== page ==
Stop! Don’t delete that email just yet; it’s not spam. It is actually an easy opportunity to win $1,000 by simply viewing the contents of Student Health 101 and answering a few questions.
Despite the common misconception that the infamous Student Health 101 emails are just extra guests for your trash can, they actually “serve as a guide to help you if you’re going through something and don’t know where to go for help,” said Karachi Ukaegbu, senior communication studies major and a campus correspondent for Student Health 101.
Several students associate “student health” with alcohol and drug abuse as well medical issues. However, that is not all of the content covered by the online magazine and video interviews of students at the College, explained Joe Hadge, the Alcohol and Drug Education Program (ADEP) Coordinator.
“It’s easy for students to say, ‘I got drunk,’ because unfortunately that’s a normal conversation topic at colleges,” Hadge said. “However, the ultimate goal is to encourage students to speak more often about other normal problems that several students suffer from in silence.”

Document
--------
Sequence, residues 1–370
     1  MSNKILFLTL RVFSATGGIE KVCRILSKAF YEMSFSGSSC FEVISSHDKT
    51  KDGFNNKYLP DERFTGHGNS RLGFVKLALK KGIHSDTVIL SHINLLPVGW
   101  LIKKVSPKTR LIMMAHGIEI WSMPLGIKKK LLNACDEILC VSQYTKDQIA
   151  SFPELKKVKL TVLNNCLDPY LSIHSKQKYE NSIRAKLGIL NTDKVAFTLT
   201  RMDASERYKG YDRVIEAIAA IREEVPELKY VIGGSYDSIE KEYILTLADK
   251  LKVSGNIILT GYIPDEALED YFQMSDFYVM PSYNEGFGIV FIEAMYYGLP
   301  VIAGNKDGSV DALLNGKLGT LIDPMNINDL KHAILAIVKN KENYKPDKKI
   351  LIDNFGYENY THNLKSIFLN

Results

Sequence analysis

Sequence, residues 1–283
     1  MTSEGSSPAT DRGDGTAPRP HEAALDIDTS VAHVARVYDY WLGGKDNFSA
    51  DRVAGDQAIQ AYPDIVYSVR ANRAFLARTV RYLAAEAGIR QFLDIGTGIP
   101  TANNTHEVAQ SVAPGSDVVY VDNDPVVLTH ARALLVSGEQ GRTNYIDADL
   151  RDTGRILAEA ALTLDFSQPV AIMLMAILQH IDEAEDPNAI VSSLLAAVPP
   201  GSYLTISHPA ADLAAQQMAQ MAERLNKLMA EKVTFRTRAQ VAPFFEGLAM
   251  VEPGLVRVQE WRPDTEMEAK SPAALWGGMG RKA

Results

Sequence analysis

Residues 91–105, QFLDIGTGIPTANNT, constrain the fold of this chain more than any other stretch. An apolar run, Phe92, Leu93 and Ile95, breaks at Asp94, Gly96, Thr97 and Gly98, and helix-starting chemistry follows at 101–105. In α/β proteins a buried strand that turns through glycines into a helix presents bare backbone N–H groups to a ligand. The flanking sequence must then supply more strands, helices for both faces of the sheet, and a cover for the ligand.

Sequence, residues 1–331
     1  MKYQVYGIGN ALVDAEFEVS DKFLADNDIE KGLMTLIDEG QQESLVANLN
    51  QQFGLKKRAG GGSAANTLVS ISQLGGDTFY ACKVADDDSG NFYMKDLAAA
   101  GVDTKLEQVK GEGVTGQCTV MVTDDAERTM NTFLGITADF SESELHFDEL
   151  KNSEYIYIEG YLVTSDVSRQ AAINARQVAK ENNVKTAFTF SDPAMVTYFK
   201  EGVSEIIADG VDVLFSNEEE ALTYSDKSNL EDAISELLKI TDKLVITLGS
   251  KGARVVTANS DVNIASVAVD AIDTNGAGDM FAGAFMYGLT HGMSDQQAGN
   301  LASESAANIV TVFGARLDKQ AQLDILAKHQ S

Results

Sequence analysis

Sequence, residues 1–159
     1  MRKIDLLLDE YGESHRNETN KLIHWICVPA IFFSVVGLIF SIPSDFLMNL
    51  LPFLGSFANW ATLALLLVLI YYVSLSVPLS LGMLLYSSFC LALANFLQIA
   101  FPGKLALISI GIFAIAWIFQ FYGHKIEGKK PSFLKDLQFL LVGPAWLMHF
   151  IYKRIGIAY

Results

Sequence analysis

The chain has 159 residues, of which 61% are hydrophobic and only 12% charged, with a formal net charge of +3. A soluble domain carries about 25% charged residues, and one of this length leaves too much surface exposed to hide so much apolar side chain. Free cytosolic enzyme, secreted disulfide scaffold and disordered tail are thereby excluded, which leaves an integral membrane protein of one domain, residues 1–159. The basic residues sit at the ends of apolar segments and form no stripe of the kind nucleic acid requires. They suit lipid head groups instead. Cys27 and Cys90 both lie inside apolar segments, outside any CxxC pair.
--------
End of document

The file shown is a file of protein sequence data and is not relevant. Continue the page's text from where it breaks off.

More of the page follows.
Failed relationships, stress, test-taking skills, healthy cooking tips and roommate troubles are all among the common issues that affect students at the College every day. But it can be difficult to find solutions to these everyday struggles.
Look no further, though, than that email in your trash folder for the link to the monthly Student Health 101 magazine, which addresses all of these common issues and more.
“There’s a big misconception that it is just about health,” said Edith Claudio, junior marketing major and campus correspondent for Student Health 101. “It also provides healthy lifestyle choices and stories of what others are doing in different situations, which will help the students gain better decision-making skills.”
Ukaegbu and Claudio can often be found around campus interviewing students for the website. Ukaegbu explained that the questions asked on the video interviews are a valuable asset for students, as they are “tailored in a way that there’s a lesson to be learned from answers.”
“It’s a low-cost, high-reach resource,” Hadge said, contrasting it to expensive speakers that come to the College for about an hour. “This magazine is there 24/7 and changing, and the videos have some of our students in it.”
“We want to create a culture and legacy behind Student Health 101 in order to increase readership and reach the students,” Ukaegbu said. “We want to create a movement where we are all unified.”
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